• Jengie Jon wrote: »

    Is it? If so where do I find that and the words to introduce a reading? I am at present trying to copy the reader of the first lesson and failing.

    The text of the 1662 Book of Common Prayer is online here. The Order for Morning Prayer includes this rubric.
    Note that before every Lesson the Minister shall say, Here beginneth such a Chapter, or Verse of such a Chapter, of such a Book: And after every Lesson, Here endeth the First, or the Second Lesson.

    This is not repeated in The Order for Evening Prayer, but it is clearly applicable there as well.
  • Leo wrote: »
    yohan300 wrote: »
    Also as a minor point of curiosity, are there many places that proclaim "here endeth the Xth lesson" rather than "here ends the Xth lesson"?
    Yes, if we're doing 1662 evensong - it's mandated.

    At my place it seems to depend on who is doing the reading at Evensong. Some say “lesson” and some say “reading”. I doubt many people notice. Very occasionally, someone may forget where they are and finish by saying “this is the word of the Lord” at which point two or three people respond by mumbling “Thanks be to God”
  • I agree that "lesson" and "reading" are the same word, exactly. Latinate and Anglo-Saxon. Like "elevator" and "lift." But of course we tend to hear "lesson" as something to be learned, which isn't meant but isn't bad either.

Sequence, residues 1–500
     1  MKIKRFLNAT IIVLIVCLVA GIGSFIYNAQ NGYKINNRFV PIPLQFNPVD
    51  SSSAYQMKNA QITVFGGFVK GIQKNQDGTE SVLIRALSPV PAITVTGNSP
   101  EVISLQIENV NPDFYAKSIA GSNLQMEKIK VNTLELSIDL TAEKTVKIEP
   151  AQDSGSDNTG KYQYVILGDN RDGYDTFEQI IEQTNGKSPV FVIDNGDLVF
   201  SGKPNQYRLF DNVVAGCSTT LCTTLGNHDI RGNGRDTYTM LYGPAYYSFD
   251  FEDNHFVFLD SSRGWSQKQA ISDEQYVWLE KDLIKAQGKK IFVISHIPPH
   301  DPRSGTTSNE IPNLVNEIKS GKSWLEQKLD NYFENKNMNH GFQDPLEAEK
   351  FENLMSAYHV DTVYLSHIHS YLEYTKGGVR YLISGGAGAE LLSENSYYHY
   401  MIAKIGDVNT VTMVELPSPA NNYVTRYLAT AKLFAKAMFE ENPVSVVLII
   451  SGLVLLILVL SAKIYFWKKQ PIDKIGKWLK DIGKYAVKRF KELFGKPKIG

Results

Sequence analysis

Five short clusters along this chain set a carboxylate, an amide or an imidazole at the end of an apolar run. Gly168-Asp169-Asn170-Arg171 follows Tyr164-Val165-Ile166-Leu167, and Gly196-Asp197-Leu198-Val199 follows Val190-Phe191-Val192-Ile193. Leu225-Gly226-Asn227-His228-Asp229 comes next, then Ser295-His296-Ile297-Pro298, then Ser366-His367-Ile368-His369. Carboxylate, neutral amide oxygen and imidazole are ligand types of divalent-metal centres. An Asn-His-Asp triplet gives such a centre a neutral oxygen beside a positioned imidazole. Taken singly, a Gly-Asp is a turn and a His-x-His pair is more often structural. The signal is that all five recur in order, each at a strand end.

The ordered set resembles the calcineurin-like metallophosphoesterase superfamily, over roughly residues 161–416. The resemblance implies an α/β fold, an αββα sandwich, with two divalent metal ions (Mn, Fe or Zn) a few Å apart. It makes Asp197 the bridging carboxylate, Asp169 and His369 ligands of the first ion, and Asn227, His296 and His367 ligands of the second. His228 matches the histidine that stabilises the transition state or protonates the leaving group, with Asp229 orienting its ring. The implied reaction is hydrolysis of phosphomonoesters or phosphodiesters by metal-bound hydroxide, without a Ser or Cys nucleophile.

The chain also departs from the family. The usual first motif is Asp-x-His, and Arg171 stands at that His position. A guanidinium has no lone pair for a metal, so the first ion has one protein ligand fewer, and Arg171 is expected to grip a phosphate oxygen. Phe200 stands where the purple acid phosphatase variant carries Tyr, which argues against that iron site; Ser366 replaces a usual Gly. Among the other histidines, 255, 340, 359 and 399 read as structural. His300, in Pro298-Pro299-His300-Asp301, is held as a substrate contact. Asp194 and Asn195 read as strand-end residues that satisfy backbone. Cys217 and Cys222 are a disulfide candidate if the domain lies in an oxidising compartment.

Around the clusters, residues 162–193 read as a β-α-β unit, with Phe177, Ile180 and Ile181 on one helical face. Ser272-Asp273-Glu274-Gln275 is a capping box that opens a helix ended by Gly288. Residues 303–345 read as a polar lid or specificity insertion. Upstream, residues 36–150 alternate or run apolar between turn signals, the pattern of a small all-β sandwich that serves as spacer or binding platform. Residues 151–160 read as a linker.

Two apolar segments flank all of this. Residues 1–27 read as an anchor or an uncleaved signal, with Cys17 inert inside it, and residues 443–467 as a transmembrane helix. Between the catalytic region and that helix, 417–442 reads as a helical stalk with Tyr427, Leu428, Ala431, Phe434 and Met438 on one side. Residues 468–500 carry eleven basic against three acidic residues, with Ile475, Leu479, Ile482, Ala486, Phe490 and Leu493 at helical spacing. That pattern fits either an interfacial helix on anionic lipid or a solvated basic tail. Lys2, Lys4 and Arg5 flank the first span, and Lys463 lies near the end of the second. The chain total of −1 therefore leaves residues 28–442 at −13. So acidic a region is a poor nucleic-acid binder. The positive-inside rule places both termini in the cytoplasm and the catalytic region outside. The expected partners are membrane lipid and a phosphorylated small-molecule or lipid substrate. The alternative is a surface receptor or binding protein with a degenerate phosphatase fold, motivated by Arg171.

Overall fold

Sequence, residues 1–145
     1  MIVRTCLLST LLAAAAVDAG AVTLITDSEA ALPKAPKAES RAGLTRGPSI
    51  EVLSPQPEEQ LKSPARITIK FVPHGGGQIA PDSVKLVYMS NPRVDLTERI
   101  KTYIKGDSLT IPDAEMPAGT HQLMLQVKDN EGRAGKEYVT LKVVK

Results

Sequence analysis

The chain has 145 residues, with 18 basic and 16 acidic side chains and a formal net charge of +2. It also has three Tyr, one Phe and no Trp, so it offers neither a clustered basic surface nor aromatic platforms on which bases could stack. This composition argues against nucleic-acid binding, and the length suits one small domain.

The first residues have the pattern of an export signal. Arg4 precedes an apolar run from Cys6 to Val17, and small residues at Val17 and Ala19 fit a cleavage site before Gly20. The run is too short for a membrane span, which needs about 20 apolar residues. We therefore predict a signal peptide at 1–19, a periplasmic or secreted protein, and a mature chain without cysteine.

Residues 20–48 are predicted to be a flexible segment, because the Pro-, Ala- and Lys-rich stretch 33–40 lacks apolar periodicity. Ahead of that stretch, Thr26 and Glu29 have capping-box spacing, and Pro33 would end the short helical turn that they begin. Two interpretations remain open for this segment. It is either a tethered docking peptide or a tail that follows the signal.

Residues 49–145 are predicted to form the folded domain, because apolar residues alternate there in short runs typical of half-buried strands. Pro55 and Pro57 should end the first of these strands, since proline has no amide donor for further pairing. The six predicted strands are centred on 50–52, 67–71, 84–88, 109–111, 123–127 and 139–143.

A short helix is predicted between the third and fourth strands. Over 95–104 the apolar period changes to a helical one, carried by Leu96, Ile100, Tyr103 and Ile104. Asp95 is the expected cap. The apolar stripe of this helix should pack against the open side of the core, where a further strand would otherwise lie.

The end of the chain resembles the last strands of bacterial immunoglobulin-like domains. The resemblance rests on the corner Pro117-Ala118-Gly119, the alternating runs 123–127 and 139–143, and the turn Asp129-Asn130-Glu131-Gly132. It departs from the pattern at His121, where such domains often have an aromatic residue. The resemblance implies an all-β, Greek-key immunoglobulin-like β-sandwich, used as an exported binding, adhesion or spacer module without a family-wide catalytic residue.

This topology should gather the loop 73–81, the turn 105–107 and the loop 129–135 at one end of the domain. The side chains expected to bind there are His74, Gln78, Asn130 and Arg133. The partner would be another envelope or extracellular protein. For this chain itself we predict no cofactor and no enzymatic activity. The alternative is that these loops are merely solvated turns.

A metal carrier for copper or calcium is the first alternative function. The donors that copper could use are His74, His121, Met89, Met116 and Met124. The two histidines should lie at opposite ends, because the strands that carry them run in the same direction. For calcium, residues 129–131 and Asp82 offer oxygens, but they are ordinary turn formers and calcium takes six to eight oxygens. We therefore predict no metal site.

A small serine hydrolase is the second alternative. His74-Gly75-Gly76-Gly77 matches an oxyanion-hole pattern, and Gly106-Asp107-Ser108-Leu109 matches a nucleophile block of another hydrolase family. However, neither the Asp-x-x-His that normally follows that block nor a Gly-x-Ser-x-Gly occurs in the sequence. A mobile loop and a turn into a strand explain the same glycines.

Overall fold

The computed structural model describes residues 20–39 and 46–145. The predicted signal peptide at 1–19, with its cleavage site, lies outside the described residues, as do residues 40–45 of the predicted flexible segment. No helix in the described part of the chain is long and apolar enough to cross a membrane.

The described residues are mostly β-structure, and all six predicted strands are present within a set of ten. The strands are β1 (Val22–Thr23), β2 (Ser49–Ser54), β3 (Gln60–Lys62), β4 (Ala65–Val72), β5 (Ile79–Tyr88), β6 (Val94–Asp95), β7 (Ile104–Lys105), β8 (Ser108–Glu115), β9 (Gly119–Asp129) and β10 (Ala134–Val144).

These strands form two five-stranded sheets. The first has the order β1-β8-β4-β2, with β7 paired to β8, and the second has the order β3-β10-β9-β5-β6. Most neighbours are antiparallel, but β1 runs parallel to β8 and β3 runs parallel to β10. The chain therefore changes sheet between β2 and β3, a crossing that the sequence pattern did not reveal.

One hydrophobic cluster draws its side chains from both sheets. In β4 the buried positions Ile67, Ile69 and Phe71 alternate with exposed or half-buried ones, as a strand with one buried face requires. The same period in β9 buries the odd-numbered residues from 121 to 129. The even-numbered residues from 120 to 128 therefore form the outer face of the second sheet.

• > "endeth" < isn't quick anymore, it needs to be dead.

    Use of the word "lesson" is tone deaf for some readings, like women being cursed with lots of pain in childbirth on the kicking out of Eden.
  • Enoch wrote: »
    Jengie Jon wrote: »
    Is it? If so where do I find that and the words to introduce a reading? I am at present trying to copy the reader of the first lesson and failing.
    It comes just before the Te Deum in Morning Prayer but should be taken to apply to both readings in Morning and Evening Prayer.

    There is separate and different rubric for the Epistle and Gospel at Holy Communion.

    Thanks that is useful. I will look it up and make sure I get it right in future.
  • > "endeth" < isn't quick anymore, it needs to be dead.

    Use of the word "lesson" is tone deaf for some readings, like women being cursed with lots of pain in childbirth on the kicking out of Eden.

    When you are saying "and holpen your servant Israel" really 'endeth' is not a problem. It is not anachronistic when used with the BCP but part of the language that the whole service is characterised by.
  • LeoLeo Shipmate
    Spike wrote: »
    Leo wrote: »
    yohan300 wrote: »
    Also as a minor point of curiosity, are there many places that proclaim "here endeth the Xth lesson" rather than "here ends the Xth lesson"?